As we endure the slog of September and await the re-ignition of NHL hockey, it’s a good chance to reflect on the direction of the Nashville Predators, particularly given the team’s activity during the offseason. After three years of declining, underwhelming results, David Poile finally relinquished (willingly and unwillingly) key pieces of the 2016-17 roster in Ryan Ellis, Viktor Arvidsson, and Pekka Rinne. The team’s abstention from bringing back UFAs Erik Haula and Brad Richardson also indicates a recognition that the Preds are no longer in a place where paying warm bodies is going to be helpful, not that it was before.
Yet Poile still insists that the team is engaged in a “competitive rebuild,” wishing to reload the roster with the upcoming wave of young talent. The core he’s hoping to build the next great Nashville team around probably won’t include names like Mikael Granlund or even Filip Forsberg, yet the organization extended the former and wishes to extend the latter. Does this half-in, half-out approach project to work?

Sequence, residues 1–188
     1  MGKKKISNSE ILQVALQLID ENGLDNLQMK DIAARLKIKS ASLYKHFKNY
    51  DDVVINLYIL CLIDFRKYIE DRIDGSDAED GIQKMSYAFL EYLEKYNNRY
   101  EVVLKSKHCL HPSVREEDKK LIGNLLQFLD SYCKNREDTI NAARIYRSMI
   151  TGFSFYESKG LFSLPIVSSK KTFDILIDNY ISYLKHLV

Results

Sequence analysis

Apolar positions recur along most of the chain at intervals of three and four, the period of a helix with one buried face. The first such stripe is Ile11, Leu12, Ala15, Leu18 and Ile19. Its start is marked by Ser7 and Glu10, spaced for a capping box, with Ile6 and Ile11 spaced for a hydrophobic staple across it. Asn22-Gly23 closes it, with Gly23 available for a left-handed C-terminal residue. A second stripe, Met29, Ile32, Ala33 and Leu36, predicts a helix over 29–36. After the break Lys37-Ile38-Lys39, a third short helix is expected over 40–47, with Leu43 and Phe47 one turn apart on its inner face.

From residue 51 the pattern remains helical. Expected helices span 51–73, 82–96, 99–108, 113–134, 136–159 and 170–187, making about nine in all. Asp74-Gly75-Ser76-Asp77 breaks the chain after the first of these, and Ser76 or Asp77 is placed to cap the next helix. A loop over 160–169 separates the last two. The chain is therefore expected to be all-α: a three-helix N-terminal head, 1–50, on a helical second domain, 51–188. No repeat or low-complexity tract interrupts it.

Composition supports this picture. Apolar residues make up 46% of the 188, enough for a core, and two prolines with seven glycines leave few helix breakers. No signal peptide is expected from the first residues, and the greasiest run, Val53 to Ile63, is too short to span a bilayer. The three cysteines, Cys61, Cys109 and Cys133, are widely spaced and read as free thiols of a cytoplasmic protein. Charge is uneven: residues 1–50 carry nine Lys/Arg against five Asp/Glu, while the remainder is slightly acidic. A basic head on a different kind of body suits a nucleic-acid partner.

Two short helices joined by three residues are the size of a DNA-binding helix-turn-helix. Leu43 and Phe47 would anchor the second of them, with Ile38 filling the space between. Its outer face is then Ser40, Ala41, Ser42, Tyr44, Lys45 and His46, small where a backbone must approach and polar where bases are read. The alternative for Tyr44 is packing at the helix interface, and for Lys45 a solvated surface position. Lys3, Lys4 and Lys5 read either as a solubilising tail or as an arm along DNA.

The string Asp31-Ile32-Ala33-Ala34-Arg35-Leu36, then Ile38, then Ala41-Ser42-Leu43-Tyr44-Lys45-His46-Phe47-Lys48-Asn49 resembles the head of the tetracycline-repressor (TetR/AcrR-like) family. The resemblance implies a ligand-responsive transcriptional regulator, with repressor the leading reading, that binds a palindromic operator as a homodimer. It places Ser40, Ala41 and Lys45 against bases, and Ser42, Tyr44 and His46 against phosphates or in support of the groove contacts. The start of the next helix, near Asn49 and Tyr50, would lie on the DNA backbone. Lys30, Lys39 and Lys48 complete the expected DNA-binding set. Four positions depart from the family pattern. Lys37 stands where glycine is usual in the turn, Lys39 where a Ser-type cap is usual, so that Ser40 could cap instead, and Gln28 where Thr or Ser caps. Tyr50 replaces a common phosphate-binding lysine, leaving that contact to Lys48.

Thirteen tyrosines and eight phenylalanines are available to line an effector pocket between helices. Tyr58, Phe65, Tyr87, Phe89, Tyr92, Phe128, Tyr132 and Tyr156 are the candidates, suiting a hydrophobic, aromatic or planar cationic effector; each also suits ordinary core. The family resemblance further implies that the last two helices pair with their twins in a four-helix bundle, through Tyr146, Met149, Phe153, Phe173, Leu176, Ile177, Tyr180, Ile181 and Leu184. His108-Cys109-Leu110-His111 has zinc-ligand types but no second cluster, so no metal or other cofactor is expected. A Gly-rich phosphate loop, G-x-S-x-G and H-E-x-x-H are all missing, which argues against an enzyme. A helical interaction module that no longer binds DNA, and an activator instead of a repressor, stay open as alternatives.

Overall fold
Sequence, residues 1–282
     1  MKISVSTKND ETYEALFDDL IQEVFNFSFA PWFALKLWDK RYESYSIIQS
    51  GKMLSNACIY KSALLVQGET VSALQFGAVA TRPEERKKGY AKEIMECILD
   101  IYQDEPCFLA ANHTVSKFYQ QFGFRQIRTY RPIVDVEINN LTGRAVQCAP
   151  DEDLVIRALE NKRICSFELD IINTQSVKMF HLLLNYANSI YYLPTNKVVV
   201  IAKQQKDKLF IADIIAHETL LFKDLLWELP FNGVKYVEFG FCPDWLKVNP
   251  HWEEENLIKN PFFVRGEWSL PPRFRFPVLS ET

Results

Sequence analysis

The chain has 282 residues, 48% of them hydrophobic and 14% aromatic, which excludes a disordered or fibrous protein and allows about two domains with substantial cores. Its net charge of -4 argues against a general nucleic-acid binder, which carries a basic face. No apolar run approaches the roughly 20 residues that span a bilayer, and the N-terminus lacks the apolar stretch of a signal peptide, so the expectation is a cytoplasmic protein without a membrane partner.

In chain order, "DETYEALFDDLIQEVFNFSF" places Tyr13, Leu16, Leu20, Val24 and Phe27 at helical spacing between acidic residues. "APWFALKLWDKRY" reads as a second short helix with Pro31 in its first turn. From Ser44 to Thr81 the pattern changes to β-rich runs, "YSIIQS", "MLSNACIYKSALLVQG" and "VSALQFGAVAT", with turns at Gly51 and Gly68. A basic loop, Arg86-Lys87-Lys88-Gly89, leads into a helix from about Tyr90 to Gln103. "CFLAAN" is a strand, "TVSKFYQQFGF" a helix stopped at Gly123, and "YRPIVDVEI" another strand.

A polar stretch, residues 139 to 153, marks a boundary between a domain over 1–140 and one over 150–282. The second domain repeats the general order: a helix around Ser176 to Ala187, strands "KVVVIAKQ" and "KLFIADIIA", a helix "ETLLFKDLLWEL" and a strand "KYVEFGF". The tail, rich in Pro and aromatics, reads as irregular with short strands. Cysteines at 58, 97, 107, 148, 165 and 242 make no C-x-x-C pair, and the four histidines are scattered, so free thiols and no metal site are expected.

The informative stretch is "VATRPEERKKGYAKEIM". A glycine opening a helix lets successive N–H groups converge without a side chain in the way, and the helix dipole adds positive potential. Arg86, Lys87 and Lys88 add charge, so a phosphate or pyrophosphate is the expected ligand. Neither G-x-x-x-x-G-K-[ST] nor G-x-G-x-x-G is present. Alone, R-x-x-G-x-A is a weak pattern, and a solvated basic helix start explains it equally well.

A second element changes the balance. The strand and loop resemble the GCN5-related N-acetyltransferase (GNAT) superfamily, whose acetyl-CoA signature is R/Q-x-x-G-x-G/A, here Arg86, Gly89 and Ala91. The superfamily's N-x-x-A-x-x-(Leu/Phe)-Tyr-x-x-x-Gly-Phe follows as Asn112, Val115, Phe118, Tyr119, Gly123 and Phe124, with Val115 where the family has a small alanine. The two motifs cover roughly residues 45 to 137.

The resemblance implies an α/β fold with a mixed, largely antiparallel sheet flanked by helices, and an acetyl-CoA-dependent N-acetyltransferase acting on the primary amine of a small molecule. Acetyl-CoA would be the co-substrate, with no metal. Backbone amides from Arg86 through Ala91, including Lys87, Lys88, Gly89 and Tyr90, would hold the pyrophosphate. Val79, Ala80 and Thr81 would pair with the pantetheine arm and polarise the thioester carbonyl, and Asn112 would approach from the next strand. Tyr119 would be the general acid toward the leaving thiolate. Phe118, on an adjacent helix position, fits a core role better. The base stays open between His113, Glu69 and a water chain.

In the opinion of yours truly, the Predators should always be planning the fastest, most plausible path to winning a championship. Remaining competitive, while good in the short term, will likely get in the way of accomplishing the ultimate goal of every GM and player. After essentially putting things off for half a decade and refusing to commit to a direction, the team’s status heading into the 2021-22 season appears to be that of a boulder resting on a mountain’s peak. One way or another, a decision will be made.
If the Predators are competitive, there’s a decent chance that Filip Forsberg signs an extension, the team remains on the Western Conference playoff bubble, and Nashville eventually regains status as one of the better mid-tier contenders in the Central Division behind new faces like Phil Tomasino, Eeli Tolvanen, and Yaroslav Askarov.